'Serious questions' in Manchester bombing wake, say Plaid
Serious questions need to be answered in the aftermath of the Manchester bombing, Leanne Wood has said.
The Plaid Cymru leader called for police to be "adequately resourced" to keep people safe including at the Champions League final on 3 June.
The threat level has now been reduced in the wake of the attack which killed 22 people and left scores injured.
Home Secretary Amber Rudd said the security services and police "have the tools they need".
Speaking on BBC One's Andrew Marr show, Ms Wood said that people should not feel put off from coming to the final in Cardiff at the weekend due to security concerns.
But she said bomber Salman Abedi - who detonated the device at the Manchester Arena - had been brought to the attention of the authorities.
"There are serious questions that need to be answered as to why action wasn't taken earlier to prevent this," she said.
Armed police have been guarding events and high footfall areas across Wales this bank holiday weekend in the aftermath of the attack.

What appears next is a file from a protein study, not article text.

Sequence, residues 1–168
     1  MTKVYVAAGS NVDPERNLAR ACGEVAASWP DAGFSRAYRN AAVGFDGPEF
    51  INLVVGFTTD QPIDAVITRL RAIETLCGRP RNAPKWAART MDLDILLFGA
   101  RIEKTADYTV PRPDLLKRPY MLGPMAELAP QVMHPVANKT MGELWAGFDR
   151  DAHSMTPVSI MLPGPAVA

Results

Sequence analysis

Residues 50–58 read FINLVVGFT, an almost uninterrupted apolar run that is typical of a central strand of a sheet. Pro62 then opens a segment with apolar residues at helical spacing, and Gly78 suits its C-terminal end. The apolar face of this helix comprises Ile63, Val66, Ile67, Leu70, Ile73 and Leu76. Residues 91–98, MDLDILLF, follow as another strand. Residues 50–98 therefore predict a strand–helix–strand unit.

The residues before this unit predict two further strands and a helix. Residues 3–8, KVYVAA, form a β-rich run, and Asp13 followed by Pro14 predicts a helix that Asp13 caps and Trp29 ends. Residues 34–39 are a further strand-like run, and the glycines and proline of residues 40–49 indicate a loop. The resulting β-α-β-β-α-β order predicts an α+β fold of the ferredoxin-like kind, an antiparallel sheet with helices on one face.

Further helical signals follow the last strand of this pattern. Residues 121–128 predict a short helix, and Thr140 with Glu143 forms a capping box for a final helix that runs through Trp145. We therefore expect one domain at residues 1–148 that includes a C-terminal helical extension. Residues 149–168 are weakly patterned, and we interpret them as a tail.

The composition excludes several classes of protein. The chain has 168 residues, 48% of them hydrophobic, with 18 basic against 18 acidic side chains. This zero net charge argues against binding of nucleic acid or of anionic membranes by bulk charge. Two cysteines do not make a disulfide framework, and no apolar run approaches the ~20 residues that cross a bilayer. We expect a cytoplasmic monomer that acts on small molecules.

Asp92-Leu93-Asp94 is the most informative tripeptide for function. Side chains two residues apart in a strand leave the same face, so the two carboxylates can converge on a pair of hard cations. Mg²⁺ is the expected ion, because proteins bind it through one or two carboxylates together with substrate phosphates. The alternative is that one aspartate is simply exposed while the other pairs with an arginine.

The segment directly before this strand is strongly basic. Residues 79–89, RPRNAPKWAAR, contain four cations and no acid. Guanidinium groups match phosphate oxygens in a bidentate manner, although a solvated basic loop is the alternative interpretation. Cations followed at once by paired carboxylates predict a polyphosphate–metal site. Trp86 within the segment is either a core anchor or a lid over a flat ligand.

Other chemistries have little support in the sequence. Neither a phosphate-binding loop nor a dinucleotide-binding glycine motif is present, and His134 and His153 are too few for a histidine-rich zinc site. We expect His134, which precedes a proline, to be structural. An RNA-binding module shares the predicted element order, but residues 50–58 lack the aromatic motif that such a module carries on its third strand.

Soldiers deployed across the UK to support the police will be stood down on Monday night, at the close of the bank holiday weekend.
Ms Wood said police needed greater resources to deal with attacks, adding: "We wouldn't need troops on the streets perhaps if there were enough police officers on the streets."
Co-leader of the Green Party Caroline Lucas said there were questions that needed to be answered about reports Abedi was known to the authorities.
First Minister Carwyn Jones said he was "confident" that all was being done to keep the up to 170,000 people expected in Cardiff for the showdown between Juventus and Real Madrid safe.
Speaking to BBC Wales' Sunday Supplement programme, the Welsh Labour leader said more had to be done to prevent attacks.
He said: "We need to just work harder to make sure these attacks can be avoided in the future.
"What's the key to that: good intelligence, making sure that people understand where the attacks might come from, these things are never perfect," he said.
Home Secretary Amber Rudd told the Andrew Marr show that the Conservative UK government were in constant discussions with the police and security services to make sure they had the "right tools" to do the job.
She said that the operation was ongoing, but the security services had foiled 18 different plots since 2013 and were doing a "good job".
"We are not frightened though of learning lessons and improving," she said.